Dispute Resolution in Capital & Commodity Markets
Disputes in Capital & Commodity Exchange needs to be resolved quickly due to high fluctuation in price movement and it is imperative to have a very robust arbitration mechanism in place.
The Capital and Commodity Market is primarily an institutional arbitration and is governed by Bye-laws, Rules and Regulations of the Exchange under the regulatory control of the Regulator of the jurisdiction. Globally, there are more than 150 countries who are members of a global organisation of regulators and there are an equal number of stock exchanges and commodities exchanges where buying and selling of debt, equity, commodities and various of other financial instruments are almost invariably hosted on computer based electronic trading systems which facilitate trades through satellites and other electronic means.
To give an early resolution to dispute, the Exchange with due approval from its Regulator, maintains a panel of Arbitrators in regional centres where hearings are held at locations which are close to investors.
In spite of many criticisms on the capital & commodities market in general, it is to be noted that dispute resolution mechanisms of these markets are faster and is less expensive than court litigation. It has proven to be fair wherein disputes are resolved between members of the exchange and their clients in respect of trades done on the platform of exchange. The current system was developed in the best interest of investors and even a small claim can be taken up.
The speaker will discuss various aspects of the dispute resolution mechanism both in the capital and commodities market, sharing a few examples on case laws from different jurisdictions. Role model arbitration mechanism of a couple of countries will be included in the discussion.
MR. CHANDRAKANT KAMDAR
Director and Joint Secretary of Chartered Institute of Arbitrators (CIArb India Branch)
Mr. Chandrakant Kamdar is currently the Director Secretary and Fellow of the Chartered Institute of Arbitrators. He is also a FICA & Panel Member – Fellow of Indian Council of Arbitration (ICA) India; a panel
arbitrator of the Dubai International Arbitration Centre (DIAC), SIAC and KLRCA Panel of Arbitrators and Adjudicators.
He is also listed on the Panel of National Stock Exchange (NSE) and Bombay Stock Exchange (BSE), which is among the top ten largest world markets. Besides that, he is also on the Panel of Multi Commodity Exchange of India Limited (MCX), National Commodity & Derivatives Exchange Ltd (NCDEX) and National Securities Depository Limited (NSDL).
Mr. Kamdar has acted sole arbitrator and on panel of 3 men arbitrators; wherein he acted as a presiding arbitrator in Capital and Commodities Market matters in India. He has also acted as arbitrator in over 700 various other financial and commercial matters.
Mr. Kamdar has participated and been invited to speak in various domestic and international symposiums. His articles on arbitration and money laundering were also published in various newspapers and magazines.
He has also conducted workshops and training courses on arbitration on the subject of Anti Money Laundering.
Mr Kamdar is presently the Director and Joint Hon.Secretary of the CIArb India. Besides that, he is also an approved Tutor Faculty Member for the Chartered Institute of Arbitrators (CIArb), who is in charge of CIArb approved training courses in India.
Intricacies in Capital & Commodity Market Arbitrations and the Need for Exchange Institutionalised Arbitrations
Participants will be able to understand trade related terminology, Exchange Rules, Regulations and Bye-Laws. Exchanges have a multiplicity of different methods of trading, such as Capital or Cash Market, Futures and Options, derivatives; so do Commodity Markets. Moreover, stockbrokers have their individual standard operating procedures which may not necessarily follow Exchange Rules & Regulations.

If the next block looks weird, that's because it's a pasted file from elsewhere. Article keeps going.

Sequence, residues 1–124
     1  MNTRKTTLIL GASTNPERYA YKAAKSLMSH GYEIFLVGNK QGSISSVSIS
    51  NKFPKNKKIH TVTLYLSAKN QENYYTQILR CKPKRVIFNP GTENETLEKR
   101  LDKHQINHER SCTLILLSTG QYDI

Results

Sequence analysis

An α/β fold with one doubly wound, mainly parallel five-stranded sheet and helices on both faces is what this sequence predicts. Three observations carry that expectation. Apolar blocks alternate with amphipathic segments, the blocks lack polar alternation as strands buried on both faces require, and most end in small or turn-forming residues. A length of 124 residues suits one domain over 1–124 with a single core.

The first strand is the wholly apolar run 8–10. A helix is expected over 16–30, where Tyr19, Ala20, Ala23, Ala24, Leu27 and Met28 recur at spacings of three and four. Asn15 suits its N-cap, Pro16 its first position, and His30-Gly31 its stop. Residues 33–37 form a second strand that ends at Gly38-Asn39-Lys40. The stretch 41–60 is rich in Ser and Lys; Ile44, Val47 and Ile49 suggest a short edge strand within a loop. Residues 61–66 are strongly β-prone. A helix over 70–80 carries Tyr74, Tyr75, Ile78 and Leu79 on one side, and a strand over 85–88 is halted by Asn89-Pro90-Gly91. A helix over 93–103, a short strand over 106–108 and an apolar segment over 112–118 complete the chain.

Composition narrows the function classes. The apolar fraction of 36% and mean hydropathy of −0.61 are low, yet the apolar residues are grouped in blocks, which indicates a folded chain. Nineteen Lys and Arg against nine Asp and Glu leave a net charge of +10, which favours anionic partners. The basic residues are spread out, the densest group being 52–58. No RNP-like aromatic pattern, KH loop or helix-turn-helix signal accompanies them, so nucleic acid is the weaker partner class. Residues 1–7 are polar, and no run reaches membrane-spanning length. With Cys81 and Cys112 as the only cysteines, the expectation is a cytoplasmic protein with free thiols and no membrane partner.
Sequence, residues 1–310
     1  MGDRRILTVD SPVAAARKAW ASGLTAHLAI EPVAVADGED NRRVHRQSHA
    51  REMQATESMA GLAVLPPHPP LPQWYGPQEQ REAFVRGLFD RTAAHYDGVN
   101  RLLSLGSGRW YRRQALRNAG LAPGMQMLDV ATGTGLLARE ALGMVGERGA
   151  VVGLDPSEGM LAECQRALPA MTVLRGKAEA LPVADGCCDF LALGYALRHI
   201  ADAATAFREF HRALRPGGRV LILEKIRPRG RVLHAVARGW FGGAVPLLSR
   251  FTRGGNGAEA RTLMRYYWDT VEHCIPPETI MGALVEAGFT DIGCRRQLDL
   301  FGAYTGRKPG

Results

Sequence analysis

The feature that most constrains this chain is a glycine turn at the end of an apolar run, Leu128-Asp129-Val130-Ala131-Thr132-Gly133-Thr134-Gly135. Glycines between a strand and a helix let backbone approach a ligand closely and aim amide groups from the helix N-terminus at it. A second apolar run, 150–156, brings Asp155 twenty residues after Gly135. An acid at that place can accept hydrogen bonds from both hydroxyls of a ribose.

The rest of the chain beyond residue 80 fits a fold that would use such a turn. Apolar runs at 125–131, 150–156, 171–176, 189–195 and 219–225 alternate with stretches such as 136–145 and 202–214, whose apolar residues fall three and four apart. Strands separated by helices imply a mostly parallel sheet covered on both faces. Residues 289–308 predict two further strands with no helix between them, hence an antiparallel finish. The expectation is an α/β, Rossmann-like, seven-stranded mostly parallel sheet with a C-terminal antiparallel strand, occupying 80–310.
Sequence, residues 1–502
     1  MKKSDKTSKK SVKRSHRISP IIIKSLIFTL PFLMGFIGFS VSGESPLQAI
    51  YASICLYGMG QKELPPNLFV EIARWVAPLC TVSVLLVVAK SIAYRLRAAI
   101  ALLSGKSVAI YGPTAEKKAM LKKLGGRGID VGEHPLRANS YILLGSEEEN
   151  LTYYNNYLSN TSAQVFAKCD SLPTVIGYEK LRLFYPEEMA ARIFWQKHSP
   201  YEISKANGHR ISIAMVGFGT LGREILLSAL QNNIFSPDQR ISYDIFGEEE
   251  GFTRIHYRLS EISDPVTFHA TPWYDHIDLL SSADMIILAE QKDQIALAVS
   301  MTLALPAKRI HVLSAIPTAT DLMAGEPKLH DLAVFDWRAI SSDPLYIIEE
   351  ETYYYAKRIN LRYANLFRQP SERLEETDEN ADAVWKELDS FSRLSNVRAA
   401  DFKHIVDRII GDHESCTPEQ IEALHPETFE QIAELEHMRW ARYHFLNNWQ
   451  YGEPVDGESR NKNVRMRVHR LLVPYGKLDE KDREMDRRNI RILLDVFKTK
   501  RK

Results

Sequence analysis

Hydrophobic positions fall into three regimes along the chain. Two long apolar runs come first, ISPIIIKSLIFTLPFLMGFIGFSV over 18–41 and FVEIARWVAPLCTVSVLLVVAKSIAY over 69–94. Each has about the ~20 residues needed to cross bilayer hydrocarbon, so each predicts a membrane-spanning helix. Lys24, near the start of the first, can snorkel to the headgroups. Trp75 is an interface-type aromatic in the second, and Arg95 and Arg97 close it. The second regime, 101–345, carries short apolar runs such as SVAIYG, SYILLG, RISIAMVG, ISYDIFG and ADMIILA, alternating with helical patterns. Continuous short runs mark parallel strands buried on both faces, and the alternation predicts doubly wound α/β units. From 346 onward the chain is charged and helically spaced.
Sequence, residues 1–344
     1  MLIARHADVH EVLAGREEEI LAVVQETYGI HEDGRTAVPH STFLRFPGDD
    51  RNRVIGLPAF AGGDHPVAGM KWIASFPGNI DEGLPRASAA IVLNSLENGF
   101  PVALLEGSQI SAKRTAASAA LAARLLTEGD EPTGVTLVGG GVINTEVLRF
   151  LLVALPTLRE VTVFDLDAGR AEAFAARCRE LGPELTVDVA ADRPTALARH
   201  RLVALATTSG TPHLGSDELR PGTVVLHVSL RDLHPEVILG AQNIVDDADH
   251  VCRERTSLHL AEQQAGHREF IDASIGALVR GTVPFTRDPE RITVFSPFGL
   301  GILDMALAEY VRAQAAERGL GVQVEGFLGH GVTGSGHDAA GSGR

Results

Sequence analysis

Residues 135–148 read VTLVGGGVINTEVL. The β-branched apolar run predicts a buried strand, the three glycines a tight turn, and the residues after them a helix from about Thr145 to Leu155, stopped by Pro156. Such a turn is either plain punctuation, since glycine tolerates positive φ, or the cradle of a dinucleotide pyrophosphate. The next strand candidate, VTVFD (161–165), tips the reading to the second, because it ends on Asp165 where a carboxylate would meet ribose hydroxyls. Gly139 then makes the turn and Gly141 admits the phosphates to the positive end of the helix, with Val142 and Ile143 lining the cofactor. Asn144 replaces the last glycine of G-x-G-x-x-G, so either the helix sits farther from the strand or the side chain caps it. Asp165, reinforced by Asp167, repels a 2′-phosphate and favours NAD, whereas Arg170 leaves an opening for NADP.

It must also be understood that there may be disputes not only between Brokers and their Clients, but between Brokers and sub-brokers as well. Of late, disputes between companies and their shareholders have also arisen. As such, the commodity market posed challenges peculiar to arbitrators.
The time has come for Exchange Arbitrators to have specialized knowledge and therefore training. Exchanges and the Regulating Authority would do well to institutionalise and train their specialist panel of arbitrators, as India has. This system has shown to work very well, with arbitration hearings being completed within 4 to 6 months.
DR DILIP K VIRANI
Director and Treasurer of Chartered Institute of Arbitrators (CIArb India Branch)
Dr Dilip is presently the Director and Treasurer of the Chartered Institute of Arbitrators (CIArb India Branch). He sits on the panel of the National Stock Exchange (NSE), Bombay Stock Exchange (BSE) and the Multi Commodity Exchange (MCX).
Being a practising arbitrator, he has sat as sole arbitrator and on 3 men panel of arbitrators, and being the presiding arbitrator for arbitrations related to Exchange in Capital and Commodity Market. He has also acted as arbitrator in various financial and commercial disputes.
Dr Dilip is also an approved Tutor Faculty Member for CIArb. He teaches regularly at various Indian law colleges and at CIArb training courses.
Sabarina is a Partner in the Litigation and Dispute Resolution Practice in Messrs Zaid Ibrahim & Co. Prior to joining the firm in 1996, Sabarina practised law at a leading law firm in Kuala Lumpur, where she focused on commercial and banking disputes.
Sabarina is an accredited Adjudicator under the Construction Payment and Adjudication Act 2012 and is on the panel of the KLRCA. She is also an Associate of the Chartered Institute of Arbitrators, United Kingdom. Sabarina co-wrote the Malaysian section for ADR and Trusts: an international guide to arbitration and mediation of trust disputes by Grant Jones and Peter Pexton.